Last Sunday, after a beautiful praise and worship service our church, Imago Dei, dispersed. We set out on a prayer walk, some of us went out in pairs, others sat on the corner and played music, while others went off on their own. Hubs and I went off by ourselves. We began with a very well kept house across the street and shortly found ourselves among some very run down homes, but homes obviously lived in. We saw things that were familiar to us and knew how to prayer, and then we saw things unfamiliar.
Although hubs and I were together, holding hands as we walked these historic, bricked streets, our approaches were different. You see, I’m a bit shy when it comes to praying and often do not pray aloud. Some people think this is something I need to get over, for how can I minister effectively if I’m unwilling to pray aloud? Well, as we walked, this thought had entered my head. How could I participate in the prayer walk if I could not pray aloud, but then I saw one of those unfamiliar things. A prayer formed in my head, in my heart and shortly thereafter hubs was echoing them aloud. It became evident we did not walk alone. The Holy Spirit was among us, telling us how to pray for these people. It also became evident to me that I did not need to be vocal in my prayers.
It wasn’t too long before we came to a pair of churches sitting catty corner from each other. One seemed worn down with years of neglect, but as we approached the front we realized it was an active place of worship. We crossed the street and sat on a brick wall outside the better preserved church and prayed over them both, obviously not just the buildings but the people who called these places home and the ministries that reached outside of their doors.
Once we were done, we realized we were close to a place hubs had done some work for, a tiny, yet busy, corner cafe. There, as we passed in front of the old building, I found my voice and prayed aloud. We passed new businesses and refurbished buildings as the district is trying to bring restoration to the area.
Soon, however, as we continued to walk south down Kansas avenue, my thoughts became distracted by the barrenness. No longer did bright signs hang from the lamp posts. The potted plants stopped. The colorful window displays no longer existed.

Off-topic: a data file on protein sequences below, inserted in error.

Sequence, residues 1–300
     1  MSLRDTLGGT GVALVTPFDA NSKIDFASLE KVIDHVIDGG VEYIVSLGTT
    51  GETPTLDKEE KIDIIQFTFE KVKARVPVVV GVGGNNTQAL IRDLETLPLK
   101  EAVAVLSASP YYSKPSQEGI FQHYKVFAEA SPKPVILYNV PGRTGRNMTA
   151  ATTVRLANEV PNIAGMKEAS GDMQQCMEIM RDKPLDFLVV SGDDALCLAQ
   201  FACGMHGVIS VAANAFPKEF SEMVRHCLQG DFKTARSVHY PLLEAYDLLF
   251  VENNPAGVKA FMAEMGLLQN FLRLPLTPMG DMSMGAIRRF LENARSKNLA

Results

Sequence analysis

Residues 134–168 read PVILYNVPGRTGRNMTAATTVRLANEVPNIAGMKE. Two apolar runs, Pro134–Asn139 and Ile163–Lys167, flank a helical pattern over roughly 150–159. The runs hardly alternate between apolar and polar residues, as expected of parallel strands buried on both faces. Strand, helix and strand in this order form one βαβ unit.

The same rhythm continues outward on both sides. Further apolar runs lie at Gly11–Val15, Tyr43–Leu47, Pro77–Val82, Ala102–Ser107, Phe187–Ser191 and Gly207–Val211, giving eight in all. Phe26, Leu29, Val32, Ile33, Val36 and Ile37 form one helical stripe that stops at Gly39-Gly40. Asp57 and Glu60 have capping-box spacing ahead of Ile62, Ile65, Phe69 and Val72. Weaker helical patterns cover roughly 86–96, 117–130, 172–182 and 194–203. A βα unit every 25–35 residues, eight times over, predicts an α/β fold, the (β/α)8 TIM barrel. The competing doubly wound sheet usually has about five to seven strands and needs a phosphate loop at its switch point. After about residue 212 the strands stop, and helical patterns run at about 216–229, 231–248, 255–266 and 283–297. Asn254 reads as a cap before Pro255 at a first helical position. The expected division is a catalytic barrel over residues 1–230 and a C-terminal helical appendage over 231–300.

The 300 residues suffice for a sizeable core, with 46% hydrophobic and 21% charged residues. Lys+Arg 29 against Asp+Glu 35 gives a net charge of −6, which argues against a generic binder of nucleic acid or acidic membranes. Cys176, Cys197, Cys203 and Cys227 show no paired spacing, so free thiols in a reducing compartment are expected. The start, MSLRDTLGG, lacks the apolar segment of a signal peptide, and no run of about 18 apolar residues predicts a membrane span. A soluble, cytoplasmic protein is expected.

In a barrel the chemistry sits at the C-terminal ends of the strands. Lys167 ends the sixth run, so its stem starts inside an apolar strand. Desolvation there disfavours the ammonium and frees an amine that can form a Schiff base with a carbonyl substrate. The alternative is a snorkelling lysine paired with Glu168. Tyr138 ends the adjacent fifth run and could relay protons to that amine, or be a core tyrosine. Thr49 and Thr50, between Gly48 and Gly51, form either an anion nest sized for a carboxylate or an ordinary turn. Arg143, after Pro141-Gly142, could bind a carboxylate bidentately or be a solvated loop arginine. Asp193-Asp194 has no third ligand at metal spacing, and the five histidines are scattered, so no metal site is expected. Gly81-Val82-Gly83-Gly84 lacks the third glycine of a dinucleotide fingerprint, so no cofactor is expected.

As we approached the south end of this road, there was a sense of loneliness, empty. Abandonment.
It’s empty, the gates are closed, locked. The smell of fresh lumber no longer lingers. Shrubs, left to their own devices, decorate the misshapened chain link fence. Odd, that they, if the lumber yard remained, would have have been cut at the roots and kept from growing. Lonely. Hopeless. Abandoned. Neglected.
So, why did we continue southward? Well, because the Rescue Mission resides south of the railroad tracks and we wanted to pray over the place, over the people. These people who have very little left to them. We walked to a parking lot across from the Mission’s Hope Center, a facility for families and my husband prayed to the tune of children’s laughter transmitting from Hope Center’s playground. I couldn’t help but think what a blessing the Hope Center is/was to homeless families, yet . . . . . how scarey to have very little outside the clothes on your back and the responsibility of children. My heart went out to these mothers and their children residing in the Hope Center. And then hubs said Amen. I lifted my eyes and there on the sidewalk in front of us was a young family. A mother pushing a stroller, a young boy and an adult man, who may or may not have been his father. I could not hear the words passed between them, but soon the man and young boy raced down the street toward the mission. A smile spread across the child’s face as he took the lead. A smile spread across the man’s face as it was obvious he was not giving his all in this race. A smile spread across the mother’s face as little feet kicked against the stroller.
These people may not have had much, but they were happy for the moment, as a friends, as a family. It warmed me. They did not seem abandoned, lonely, hopeless. But then a movement caught my eye. A lone woman wondering around in the grass until she stood on top of a large grate. She stared down into that hole. He body language was like that of the lumber yard, empty, abandoned, looking for hope in a dark hole in the ground. I wanted to say something, to touch her shoulder. You’d be amazed at how small human contact can lift a person’s spirit and give her hope. We were late getting back to the church. There was no time to speak to her, to shake her hand or give her a hug. I’d left my daughter at the church. She was counting on my to return on time. Besides, outside a small glance toward her, hubs showed no hint of leading by the Holy Spirit.
It wasn’t until later after we’d left church that hubs and I talked about the walk when we discovered we both felt the need to speak to this woman. Since we have no idea who she is, other than lift her up to the Lord, there is nothing we can do. Next time I think hubs and I will be more aware and obedient to the Spirit’s leading.
There are many thoughts that went through my head as we walked around the neighborhood, but the one spoken the loudest is that God cares for these people–the homeless, the drug addict, the alcoholic, the rejected, the abandoned, the financially down and out–even if the rest of the world doesn’t–God does.